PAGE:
When Newton resident Connie Toroser first learned of a youth program at her local boxing club, she didn’t hesitate to sign her son Cristian up. In addition to giving Cristian more time with his friends after school, Toroser said the classes have another draw: They are instructed by Newton police officers.
“I like these efforts for the police to be part of the community and not just these people that you’re supposed to be afraid of,” Toroser said. “I think that’s really important, and … it’d be great if there were more of those opportunities.”
The free boxing program—which began on Oct. 19, 2022 in partnership with the Newton Police Department (NPD)—is held at the Nonantum Boxing Club and welcomes participants ages 10 to 17 every Wednesday. The program will run according to the school calendar and is currently open for the second semester of the academic year, according to Marc Gargaro, Nonantum Boxing Club owner and coach.
The classes follow a loose structure so as to accommodate and encourage newer members who may be dropping into the sessions, according Gargaro.
“We kind of structured it as ‘When you get here, you gotta do certain tasks. You gotta jump rope, you gotta shadowbox,’” Gargaro said. “Then once everybody’s there and everybody feels like they did it, like the officers will take them, and they’ll run them through some programs.”
The program is a way to encourage kids to exercise while also fostering a more compassionate relationship between police officers and community youth, Gargaro said.
“I know growing up, if an officer knows a youth, he’s less likely to bust him. He’s more likely to talk to him and less likely to do anything stupid,” Gargaro said. “If the youth knows the officer, he’s less likely to screw up, and, you know, because he knows him, he’s not gonna want to screw up, you know what I mean? So it’s a great relationship for the both [of them].”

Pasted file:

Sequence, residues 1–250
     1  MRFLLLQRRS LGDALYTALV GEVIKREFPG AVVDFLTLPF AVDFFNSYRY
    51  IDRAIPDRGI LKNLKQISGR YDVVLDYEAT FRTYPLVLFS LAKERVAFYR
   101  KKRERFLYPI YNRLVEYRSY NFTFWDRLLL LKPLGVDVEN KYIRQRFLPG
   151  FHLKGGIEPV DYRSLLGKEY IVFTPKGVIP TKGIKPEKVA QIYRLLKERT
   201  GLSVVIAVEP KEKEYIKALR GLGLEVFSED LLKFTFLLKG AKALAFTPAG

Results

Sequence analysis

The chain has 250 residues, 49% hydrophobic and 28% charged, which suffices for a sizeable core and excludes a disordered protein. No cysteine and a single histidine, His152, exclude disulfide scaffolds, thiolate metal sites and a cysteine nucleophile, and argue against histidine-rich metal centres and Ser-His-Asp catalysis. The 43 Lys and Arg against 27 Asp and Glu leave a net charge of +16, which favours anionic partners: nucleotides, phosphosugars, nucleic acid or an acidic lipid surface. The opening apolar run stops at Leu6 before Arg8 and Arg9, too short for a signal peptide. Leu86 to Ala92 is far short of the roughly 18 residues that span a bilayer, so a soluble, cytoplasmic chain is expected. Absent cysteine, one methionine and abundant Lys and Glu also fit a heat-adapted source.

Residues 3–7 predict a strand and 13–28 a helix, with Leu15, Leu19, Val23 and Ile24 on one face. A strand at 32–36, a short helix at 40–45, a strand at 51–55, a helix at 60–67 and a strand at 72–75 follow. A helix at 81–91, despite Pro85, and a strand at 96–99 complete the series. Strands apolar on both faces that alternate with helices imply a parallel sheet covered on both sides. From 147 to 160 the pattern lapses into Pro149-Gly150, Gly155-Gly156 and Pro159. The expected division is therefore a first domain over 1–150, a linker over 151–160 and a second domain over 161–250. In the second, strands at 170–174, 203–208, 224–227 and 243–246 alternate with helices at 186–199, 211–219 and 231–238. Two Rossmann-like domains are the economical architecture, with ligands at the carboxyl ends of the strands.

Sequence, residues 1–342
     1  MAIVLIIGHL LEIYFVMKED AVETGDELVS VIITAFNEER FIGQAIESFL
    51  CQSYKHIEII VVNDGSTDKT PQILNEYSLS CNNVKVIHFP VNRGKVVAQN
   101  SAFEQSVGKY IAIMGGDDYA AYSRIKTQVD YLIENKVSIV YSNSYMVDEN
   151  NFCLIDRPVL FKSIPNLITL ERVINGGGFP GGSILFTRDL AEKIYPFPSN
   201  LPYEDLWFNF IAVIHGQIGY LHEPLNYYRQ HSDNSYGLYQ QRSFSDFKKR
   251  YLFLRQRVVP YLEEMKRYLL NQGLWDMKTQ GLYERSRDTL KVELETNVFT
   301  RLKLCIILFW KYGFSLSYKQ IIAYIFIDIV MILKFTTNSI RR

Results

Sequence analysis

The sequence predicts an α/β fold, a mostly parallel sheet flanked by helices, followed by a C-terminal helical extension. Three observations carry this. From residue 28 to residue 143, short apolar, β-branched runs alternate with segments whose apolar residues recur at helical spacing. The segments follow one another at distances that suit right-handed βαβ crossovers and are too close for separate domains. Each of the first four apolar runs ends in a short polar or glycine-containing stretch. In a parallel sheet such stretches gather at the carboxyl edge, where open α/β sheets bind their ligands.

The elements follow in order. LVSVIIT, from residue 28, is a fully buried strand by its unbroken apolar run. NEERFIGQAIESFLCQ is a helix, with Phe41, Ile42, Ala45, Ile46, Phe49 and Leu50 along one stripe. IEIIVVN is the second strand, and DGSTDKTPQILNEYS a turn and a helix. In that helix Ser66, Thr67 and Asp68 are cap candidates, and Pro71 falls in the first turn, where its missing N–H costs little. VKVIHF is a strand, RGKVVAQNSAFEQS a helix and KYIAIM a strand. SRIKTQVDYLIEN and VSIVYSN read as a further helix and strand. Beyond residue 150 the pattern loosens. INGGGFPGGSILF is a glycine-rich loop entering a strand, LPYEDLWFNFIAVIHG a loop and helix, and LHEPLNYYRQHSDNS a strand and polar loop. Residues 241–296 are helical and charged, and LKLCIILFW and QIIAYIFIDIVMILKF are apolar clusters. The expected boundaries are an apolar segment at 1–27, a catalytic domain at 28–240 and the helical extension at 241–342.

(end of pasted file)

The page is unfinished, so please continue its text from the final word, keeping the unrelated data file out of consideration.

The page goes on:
For Toroser, the prospect of introducing Cristian to a tighter-knit relationship between Newton residents and its law enforcement was a major reason for initially getting involved in the program.
“They actually are part of the community, you know … but like, how do you get that view of them, especially to kids that are hearing a lot of negative things about the police?” Toroser said. “And so, yeah, that was definitely part of the draw.”
Cristian Toroser, who is a student at F.A. Day Middle School in Newtonville, said the class gave him a different perspective on police officers.
“I learned that … you’d think that police would be mean and trying to catch people that are being bad, but they’re a lot nicer than they seem,” he said.
Moving forward, the Nonantum Boxing Club and NPD hope to raise money to continue the program and are in the beginning stages of planning fundraising initiatives.
“We haven’t gotten that far, as far as fundraising, but we’re gonna need it,” Gargaro said. “I think the bigger the program gets, we’re gonna need some kind of income coming—supplies, gloves don’t last forever.”
In the meantime, the program is currently in full swing and will continue through the end of the school year, according to Gargaro.
“If you ever come in on a Wednesday afternoon, the place is packed, and it’s pumping, and it looks like a gym you would see out of one of the old 1950s movies,” Gargaro said. “It’s just the kids running around everywhere and kids working, and that’s how it should be.”